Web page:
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Ghosts of 2008 - $100.00 plus Oil, rising fuel prices



January 09, 2011 – Comments (7)

As oil prices rocket past $100.00 again,the market pundits are asleep. This will stop any recovery In It's tracks,and could send the stock market Into a nose dive....  Everything Is rising.... Oil,food,gas,groceries,gold,silver,rare earths, (just about ALL commodities) and of course,the stock market. All of the usual media cheerleadeers were trumpeting that the jobless rate fell to 9.4%,but what they forgot to add Is that most all of the jobs were temporary (for the christmas season) and they also forgot to mention the tens of thousands of people that just GAVE UP looking for work. The unemployment number that Is constantly used by our government and the national media Is meaningless. REAL UNEMPLOYMENT Is over 20%. The stock market,the oil market,and just about everything else that Is skyrocketing Is being manipulated by speculators with access to large amounts of capital. The average "Investor" Is on the sidelines. With U.S Government debt approaching 14 Trillion dollars,and a FED that keeps printing money,we are headed for ANOTHER financial BUST In the not so distant future.....  When I read articles like this .....    It really gives me reason to pause. The housing market Is still In shambles,the average consumer cannot get credit,and there are not enough jobs being created to sustain an economic recovery. This Is not about gloom and doom,It Is about reality,and at the present time I am afraid that there Is more risk to the downside In the stock market than upside potential....     TS 

7 Comments – Post Your Own

#1) On January 09, 2011 at 8:16 PM, Starfirenv (< 20) wrote:

Hi TS- We crossed the $14 Trillion mark on 12/31/10. From here and I think you will enjoy the read-

If you believe

As pointed by Warren Buffett, the percentage of total market cap (TMC) relative to the US GNP is “probably the best single measure of where valuations stand at any given moment.” Then yes, the market is "modestly Overvalued"
Good site.

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#2) On January 09, 2011 at 8:29 PM, topsecret10 (< 20) wrote:

   Thanks Starfirenv ...    :-)

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#3) On January 09, 2011 at 11:33 PM, checklist34 (98.73) wrote:

the other ghosts of 2008 are a big "inflation is coming" commodity spike ending in one of histories greatest bloodbaths...

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#4) On January 10, 2011 at 2:14 AM, awallejr (33.35) wrote:

This is not a surprise.  Commodities will continue to rise simply because of a demand issue out of the emerging markets.  This stuff is basically finite.  Yet the demand isn't.

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#5) On January 10, 2011 at 9:14 AM, russiangambit (28.89) wrote:

The rest of the world, especially, poor countries are already feeling quite acutely the rise of commodity prices by 20-30%. It is a big problem for them.This is too much for one year. For this reason I think commodities will pull back ( or better pull back) a bit for a few months , they can't continue rising like this or it will cause major dislocations in the world. And here I mean mostly food commodities, oil can probably continue for a bit since it mostly affect US and US has deeper pockets.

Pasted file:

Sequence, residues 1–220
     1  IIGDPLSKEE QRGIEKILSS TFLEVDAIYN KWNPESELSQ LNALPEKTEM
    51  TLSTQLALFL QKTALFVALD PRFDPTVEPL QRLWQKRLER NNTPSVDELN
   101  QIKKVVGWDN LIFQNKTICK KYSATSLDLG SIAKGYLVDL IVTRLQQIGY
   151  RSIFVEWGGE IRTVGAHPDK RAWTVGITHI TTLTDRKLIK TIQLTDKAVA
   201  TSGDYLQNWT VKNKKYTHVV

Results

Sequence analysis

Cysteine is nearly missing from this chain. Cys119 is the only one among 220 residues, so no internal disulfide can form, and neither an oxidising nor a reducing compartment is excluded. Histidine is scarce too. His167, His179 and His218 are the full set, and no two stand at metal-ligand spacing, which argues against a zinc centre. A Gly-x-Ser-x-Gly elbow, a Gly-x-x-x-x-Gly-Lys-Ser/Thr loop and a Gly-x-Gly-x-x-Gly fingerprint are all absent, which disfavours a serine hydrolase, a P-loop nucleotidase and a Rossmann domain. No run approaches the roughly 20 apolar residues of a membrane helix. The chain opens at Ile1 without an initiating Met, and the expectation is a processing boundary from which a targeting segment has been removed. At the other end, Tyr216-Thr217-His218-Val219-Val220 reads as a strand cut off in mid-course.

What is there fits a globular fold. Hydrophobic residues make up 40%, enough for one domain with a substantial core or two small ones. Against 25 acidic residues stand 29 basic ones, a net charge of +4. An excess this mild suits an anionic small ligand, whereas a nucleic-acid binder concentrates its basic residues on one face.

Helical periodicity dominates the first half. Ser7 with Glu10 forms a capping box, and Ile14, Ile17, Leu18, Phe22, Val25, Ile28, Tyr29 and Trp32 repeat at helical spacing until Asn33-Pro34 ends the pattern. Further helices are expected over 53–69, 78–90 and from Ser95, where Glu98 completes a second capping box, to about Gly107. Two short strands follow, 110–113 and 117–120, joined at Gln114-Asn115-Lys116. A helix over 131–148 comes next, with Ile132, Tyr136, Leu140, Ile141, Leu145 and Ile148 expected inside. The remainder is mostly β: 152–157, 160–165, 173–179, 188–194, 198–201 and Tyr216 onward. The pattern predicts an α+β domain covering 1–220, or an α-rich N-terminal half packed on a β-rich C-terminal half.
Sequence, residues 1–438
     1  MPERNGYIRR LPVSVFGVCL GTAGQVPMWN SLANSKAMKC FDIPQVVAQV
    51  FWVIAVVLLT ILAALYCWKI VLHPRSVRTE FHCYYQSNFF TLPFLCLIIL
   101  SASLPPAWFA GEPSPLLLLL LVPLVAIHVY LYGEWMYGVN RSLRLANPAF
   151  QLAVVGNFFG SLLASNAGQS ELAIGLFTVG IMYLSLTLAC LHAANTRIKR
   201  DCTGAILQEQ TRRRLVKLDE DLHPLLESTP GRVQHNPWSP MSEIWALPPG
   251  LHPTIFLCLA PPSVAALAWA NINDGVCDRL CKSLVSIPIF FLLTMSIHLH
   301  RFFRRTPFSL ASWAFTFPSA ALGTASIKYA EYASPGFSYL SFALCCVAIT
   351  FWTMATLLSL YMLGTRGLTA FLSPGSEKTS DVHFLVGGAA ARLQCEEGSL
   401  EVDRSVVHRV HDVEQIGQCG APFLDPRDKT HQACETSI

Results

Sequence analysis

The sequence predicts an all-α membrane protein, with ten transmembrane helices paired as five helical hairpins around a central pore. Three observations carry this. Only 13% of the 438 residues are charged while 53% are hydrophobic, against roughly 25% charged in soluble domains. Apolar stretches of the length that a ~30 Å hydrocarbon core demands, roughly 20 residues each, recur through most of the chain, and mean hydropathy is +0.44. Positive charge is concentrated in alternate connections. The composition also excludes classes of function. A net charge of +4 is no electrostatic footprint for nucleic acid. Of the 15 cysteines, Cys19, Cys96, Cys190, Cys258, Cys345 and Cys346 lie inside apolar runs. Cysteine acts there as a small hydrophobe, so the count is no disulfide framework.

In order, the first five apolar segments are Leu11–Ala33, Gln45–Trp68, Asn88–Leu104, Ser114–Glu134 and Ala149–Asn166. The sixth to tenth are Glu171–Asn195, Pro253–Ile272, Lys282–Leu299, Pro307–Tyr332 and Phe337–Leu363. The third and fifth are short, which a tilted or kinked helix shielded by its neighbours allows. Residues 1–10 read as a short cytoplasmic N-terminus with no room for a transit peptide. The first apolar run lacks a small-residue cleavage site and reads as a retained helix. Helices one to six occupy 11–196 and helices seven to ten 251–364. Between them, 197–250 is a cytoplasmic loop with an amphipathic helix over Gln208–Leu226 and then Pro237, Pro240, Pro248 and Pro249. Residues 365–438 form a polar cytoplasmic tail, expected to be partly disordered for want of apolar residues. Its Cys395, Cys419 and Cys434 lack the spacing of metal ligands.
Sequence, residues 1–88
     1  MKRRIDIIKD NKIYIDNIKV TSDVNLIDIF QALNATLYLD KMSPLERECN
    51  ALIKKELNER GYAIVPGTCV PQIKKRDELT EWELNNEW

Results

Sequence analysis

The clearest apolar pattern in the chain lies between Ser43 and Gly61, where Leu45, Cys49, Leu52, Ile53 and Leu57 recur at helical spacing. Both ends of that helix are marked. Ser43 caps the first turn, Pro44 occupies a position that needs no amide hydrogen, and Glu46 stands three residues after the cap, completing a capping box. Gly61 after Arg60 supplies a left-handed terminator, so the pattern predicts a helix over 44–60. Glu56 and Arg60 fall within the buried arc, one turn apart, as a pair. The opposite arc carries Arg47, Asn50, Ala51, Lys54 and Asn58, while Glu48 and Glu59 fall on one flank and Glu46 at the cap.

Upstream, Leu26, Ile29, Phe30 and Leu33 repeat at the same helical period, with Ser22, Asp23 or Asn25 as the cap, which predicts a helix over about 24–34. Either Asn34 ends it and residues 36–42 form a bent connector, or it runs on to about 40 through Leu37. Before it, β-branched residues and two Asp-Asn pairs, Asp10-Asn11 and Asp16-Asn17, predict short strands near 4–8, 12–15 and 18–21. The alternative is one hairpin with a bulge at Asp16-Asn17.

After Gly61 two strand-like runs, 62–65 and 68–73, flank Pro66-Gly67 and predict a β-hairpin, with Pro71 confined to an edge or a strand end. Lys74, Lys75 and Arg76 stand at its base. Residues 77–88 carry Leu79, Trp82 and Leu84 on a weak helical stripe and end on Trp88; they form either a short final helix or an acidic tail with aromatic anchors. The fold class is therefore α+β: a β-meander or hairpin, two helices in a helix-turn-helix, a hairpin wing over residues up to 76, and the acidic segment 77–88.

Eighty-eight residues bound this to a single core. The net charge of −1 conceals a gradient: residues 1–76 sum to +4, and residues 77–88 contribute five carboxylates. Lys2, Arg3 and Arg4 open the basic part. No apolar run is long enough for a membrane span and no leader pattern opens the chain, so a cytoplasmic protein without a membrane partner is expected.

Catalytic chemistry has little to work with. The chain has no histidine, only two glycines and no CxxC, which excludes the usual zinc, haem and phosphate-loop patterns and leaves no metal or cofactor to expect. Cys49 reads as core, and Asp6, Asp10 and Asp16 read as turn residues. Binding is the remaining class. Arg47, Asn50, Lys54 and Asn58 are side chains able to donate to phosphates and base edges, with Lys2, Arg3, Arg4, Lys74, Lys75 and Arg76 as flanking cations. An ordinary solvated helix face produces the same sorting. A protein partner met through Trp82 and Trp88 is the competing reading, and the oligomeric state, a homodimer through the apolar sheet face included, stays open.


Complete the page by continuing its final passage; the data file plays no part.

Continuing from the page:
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#6) On January 10, 2011 at 8:41 PM, topsecret10 (< 20) wrote:

Presto! 9.4% Unemployment! How The Government Lies Hooray…Happy days are here again!

That is exactly what the elite would have us believe with the 9.4% unemployment number in this huge CONfidence game otherwise known as the USEconomy.

During times of universal deceit, telling the truth becomes a revolutionary act” -George Orwell


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#7) On January 12, 2011 at 9:50 PM, topsecret10 (< 20) wrote:

Oil Rises a Fourth Day After U.S. Stockpiles Drop, Equ

Jan. 13 (Bloomberg) -- Oil rose for a fourth day after U.S. crude inventories declined more than analysts forecast and equities gained amid signals European officials are stepping up efforts to solve the debt crisis.

Futures climbed to a 27-month high yesterday after an Energy Department report showed stockpiles dropped 2.15 million barrels to 333.1 million last week, the lowest level since February. Supplies were forecast to drop 1.4 million barrels, according to a Bloomberg News survey. U.S. stocks rose, sending benchmark indexes to the highest since August 2008.

“It was a big drop in crude-oil stocks, but not out of bounds of expectations,” said Michael Lynch, president of Strategic Energy & Economic Research in Winchester Massachusetts. “Portugal is likely to see a rescue package, and that’s cause for relief. The European financial crisis has been a major concern for the past year.”

The February contract rose as much as 30 cents, or 0.3 percent, to $92.16 a barrel in electronic trading on the New York Mercantile Exchange, and was at $92.09 at 10:52 a.m. Sydney time. Yesterday, it climbed 75 cents to $91.86, the highest settlement since Oct. 3, 2008. Prices are up 16 percent from a year ago.

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